“Societal transformation will depend upon our ability to change our ideas about change itself — how it manifests and how it can be initiated and directed”
Terry Irwin et al.
Designing around innovations (and rediscoveries) – their transformative ambitions and potentials, their barriers and challenges, and their effects accross socioeconomic and socioecological systems – requires new ways of approaching change. Theories of change, transitions and transformations serve as umbrella terms for a wide variety of interdisciplinary approaches and configurations, which help understand:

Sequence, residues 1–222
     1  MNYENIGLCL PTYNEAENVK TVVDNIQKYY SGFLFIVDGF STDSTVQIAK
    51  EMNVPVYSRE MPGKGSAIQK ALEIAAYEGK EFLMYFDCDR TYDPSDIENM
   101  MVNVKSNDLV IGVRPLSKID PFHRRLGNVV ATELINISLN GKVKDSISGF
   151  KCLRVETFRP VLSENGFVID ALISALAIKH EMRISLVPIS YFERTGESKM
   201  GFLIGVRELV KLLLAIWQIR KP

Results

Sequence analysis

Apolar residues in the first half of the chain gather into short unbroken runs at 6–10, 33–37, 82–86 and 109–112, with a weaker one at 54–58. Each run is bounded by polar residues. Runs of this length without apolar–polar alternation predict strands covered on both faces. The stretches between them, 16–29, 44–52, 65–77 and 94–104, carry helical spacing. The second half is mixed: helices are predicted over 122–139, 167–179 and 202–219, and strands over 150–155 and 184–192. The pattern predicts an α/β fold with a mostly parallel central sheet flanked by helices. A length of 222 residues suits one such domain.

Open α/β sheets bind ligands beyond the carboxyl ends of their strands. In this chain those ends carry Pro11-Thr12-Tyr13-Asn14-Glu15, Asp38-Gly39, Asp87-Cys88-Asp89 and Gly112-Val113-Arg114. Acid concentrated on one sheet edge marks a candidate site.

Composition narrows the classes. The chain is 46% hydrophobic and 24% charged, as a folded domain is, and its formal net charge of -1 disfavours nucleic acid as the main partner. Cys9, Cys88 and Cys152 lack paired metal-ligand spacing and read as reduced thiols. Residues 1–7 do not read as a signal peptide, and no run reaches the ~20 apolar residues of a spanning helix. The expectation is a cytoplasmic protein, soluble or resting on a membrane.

1.) Dynamics (including power) among actors and coalitions, diverse innovation spheres, institutions and imaginaries
2.) Complex possible alternative or transitional systemic socio-ecological configurations through space and time
3.) Unforseen pathways and mechanisms for individual/ collective transformative agency and capacity development
In short, by themselves and in combination, when used in a reflexive manner, they support practitioners in the creation of new mental, organizational and innovation protocols that place questions of vision, strategy, cooperation and social and institutional change at the heart of their endeavor. At the same time, they can serve as parameters for benchmarking transformative success, remaining challenges and barriers in new and systemically intertwined ways.